In 2021 the Green Party increased our representation from 34 to 47. In 2022 we further increased our representation to 61. This does include the new unitary authorities in Cumbria which officially take over from the existing boroughs and Cumbria County Council on 1 April 2023.
List of successful councillors by borough are in the table below. These numbers do not include town and parish councils.
|Borough||Number of Green Councillors - 1 May 2022||Number of Green Councillors - 8 May 2022|
|Cumberland (from 1/4/2023)||2|
|Westmorland & Furness(from 1/4/2023)||1|
The Government’s ideological commitment to austerity has seen £50 billion cut from council services since 2010. These cuts - forced through from Westminster - have closed libraries, forced councils to sell public land and laid off the council staff that collect litter, repair roads and care for older people. The cross party Local Government Association estimates that councils face a further shortfall of £8 billion by 2025 with the most basic of services being eroded, decimating our communities.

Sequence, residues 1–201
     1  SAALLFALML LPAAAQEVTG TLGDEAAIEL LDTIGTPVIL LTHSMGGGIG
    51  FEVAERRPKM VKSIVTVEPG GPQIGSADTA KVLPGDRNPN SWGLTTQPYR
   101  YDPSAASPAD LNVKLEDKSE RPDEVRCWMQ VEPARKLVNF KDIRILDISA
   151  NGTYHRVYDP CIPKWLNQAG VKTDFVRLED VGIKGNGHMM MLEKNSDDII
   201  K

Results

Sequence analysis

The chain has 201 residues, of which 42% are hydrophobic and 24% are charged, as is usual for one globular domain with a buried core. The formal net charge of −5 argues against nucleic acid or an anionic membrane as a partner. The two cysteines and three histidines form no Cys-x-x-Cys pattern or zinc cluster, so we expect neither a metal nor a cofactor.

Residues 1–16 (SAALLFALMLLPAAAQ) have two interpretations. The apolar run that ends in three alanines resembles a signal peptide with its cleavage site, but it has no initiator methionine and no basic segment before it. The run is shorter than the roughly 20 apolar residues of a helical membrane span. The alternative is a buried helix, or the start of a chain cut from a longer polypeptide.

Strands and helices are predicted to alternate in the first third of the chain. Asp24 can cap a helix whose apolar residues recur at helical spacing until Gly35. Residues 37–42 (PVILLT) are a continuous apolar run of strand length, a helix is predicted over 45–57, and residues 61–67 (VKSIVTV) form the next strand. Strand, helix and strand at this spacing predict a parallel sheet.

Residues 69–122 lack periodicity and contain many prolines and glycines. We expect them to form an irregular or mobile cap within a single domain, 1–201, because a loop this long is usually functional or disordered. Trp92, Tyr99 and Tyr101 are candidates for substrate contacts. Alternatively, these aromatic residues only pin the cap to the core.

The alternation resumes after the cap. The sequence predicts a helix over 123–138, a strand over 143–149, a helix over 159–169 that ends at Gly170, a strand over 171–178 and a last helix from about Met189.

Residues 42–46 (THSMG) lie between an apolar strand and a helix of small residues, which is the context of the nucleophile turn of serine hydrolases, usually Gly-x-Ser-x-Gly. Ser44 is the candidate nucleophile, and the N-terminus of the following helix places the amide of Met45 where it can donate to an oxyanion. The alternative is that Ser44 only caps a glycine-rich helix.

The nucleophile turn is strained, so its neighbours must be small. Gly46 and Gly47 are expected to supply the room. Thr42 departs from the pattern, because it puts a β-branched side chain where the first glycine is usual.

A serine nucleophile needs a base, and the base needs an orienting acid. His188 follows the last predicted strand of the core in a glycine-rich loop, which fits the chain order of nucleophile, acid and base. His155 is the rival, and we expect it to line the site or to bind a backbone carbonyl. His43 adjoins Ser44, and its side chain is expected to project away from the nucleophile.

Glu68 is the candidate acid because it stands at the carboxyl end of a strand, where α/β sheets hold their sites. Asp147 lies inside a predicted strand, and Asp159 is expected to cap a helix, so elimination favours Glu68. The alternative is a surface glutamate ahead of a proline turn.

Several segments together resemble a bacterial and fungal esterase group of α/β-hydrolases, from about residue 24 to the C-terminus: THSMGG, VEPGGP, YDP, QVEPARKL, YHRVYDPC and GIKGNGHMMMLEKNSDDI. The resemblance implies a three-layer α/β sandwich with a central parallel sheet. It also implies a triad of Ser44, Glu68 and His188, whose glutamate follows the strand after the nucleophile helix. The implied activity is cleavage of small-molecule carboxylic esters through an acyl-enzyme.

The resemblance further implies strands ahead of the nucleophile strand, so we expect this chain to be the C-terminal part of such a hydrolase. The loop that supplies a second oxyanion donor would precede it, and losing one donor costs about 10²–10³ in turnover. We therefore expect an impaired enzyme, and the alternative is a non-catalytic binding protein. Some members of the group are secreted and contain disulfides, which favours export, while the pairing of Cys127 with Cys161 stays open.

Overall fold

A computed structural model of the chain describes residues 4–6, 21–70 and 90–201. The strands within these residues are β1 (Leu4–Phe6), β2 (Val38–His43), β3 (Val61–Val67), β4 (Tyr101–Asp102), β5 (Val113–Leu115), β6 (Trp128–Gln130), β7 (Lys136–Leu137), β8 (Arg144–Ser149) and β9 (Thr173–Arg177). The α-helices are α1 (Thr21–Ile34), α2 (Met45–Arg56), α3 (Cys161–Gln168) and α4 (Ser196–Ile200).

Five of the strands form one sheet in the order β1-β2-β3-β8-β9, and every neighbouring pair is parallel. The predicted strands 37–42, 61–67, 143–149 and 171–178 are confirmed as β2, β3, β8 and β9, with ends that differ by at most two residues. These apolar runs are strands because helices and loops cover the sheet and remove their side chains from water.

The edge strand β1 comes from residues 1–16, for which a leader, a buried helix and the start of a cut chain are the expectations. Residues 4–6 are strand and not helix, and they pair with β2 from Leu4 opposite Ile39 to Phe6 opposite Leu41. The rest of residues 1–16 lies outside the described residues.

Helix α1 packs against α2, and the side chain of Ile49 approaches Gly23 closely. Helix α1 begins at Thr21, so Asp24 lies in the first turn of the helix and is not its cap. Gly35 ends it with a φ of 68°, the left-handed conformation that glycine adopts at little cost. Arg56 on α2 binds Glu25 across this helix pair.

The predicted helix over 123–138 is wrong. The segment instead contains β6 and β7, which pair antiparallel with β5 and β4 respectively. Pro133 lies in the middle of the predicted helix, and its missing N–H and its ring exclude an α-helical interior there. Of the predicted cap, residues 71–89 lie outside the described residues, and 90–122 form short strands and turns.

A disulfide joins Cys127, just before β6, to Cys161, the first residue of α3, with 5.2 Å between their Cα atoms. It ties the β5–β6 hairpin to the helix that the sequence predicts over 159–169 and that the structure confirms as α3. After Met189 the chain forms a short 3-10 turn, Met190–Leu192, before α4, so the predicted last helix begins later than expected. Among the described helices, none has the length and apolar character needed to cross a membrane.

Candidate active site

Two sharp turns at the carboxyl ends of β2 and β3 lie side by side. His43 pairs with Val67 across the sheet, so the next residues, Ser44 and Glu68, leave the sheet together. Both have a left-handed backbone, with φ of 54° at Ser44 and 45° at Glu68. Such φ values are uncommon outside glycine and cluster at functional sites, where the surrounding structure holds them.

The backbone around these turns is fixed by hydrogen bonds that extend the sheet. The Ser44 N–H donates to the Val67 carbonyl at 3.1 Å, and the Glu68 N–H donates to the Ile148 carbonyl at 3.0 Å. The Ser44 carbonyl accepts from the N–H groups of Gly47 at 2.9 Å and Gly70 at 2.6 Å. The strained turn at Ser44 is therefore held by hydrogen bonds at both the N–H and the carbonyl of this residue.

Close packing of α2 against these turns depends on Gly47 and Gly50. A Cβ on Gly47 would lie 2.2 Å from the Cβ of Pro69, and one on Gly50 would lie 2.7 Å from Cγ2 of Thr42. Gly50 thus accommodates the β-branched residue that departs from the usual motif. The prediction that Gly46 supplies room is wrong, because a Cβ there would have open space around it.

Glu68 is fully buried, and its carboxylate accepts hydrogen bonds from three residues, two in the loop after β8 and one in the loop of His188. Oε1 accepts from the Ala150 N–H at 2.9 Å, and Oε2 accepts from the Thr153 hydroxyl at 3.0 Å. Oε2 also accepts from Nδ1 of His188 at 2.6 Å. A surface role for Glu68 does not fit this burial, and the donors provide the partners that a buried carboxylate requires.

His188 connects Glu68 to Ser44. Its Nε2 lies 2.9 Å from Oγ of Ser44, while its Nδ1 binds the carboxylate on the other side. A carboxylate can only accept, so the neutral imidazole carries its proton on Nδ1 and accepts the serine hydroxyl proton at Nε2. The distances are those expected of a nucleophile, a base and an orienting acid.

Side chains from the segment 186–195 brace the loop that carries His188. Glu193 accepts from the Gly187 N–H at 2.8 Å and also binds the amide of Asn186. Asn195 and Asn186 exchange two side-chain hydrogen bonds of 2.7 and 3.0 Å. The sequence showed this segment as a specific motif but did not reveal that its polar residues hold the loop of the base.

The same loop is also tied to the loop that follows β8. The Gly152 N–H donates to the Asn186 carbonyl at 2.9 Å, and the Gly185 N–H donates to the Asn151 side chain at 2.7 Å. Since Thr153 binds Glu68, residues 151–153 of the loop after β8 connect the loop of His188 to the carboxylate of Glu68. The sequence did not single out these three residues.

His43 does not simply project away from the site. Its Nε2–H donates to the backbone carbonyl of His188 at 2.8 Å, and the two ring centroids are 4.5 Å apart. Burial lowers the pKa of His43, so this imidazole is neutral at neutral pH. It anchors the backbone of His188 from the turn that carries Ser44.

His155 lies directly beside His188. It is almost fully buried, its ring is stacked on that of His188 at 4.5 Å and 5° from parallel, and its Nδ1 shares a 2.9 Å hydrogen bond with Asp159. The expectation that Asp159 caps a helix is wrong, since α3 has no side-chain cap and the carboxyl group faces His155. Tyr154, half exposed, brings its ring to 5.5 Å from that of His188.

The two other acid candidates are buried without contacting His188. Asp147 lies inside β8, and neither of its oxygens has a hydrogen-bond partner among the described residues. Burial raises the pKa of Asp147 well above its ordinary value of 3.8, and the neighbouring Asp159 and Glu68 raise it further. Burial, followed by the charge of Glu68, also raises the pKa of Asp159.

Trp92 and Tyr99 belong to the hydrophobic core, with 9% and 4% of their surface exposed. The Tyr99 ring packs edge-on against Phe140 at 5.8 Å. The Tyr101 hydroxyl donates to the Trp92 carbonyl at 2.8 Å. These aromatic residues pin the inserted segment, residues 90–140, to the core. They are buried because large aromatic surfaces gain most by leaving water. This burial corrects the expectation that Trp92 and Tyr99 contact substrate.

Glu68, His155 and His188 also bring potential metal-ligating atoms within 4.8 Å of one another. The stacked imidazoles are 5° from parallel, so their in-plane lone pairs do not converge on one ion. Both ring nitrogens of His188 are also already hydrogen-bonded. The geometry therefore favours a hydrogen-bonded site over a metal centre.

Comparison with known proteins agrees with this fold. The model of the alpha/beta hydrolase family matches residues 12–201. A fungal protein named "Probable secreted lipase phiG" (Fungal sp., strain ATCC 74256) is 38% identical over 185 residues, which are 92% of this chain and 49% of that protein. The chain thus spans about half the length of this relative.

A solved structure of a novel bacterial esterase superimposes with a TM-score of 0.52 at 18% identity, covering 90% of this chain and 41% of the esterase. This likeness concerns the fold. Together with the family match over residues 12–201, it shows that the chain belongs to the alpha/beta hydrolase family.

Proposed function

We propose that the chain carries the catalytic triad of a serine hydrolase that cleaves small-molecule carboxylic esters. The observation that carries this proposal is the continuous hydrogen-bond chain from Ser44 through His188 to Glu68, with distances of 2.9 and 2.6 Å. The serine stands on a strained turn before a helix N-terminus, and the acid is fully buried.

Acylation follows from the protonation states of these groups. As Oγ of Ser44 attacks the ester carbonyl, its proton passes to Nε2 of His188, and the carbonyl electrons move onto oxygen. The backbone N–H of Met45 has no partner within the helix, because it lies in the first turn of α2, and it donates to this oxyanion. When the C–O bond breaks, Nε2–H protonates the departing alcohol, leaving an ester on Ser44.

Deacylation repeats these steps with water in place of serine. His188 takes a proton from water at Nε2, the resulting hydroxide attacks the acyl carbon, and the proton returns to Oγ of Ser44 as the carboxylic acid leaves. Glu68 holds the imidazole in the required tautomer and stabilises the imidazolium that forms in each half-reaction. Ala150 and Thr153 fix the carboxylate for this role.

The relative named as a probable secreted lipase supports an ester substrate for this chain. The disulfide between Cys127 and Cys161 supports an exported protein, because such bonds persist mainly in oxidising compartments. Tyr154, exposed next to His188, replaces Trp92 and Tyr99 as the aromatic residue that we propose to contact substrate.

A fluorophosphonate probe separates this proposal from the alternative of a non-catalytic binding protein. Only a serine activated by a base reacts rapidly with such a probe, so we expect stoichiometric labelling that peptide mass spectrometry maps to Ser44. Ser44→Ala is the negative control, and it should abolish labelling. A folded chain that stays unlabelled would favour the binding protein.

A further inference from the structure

A vote for the Green Party in May is a vote against such outdated, disastrously imposed establishment thinking. It is a vote for a new, fresh approach.
The Green Party is committed to campaigning to restore the £50 billion of public money taken from councils – having Greens elected to councils will send a strong message to Westminster that people have had enough of losing cherished local services.
At a local level, having Greens on your council means having champions for investment in local services, fighting to improve public spaces, increase access to social housing and to provide more walking, cycling and public transport opportunities.
It means having councillors looking beyond the tired stock answers and convention-sapped ambitions of the establishment parties. Green councillors embrace the new and relish the bold; harnessing resident’s skills and trusting local knowledge to solve local challenges, from declining high streets to under resourced public transport.
Unlike councillors from the establishment parties, Greens are not subject to a Party whip that orders them to vote according to the needs of the party machines and their colleagues in Westminster. This means they are free to put the residents they represent front and centre, and to fight without fear of favour for their interests - and the radical solutions that will make their lives better.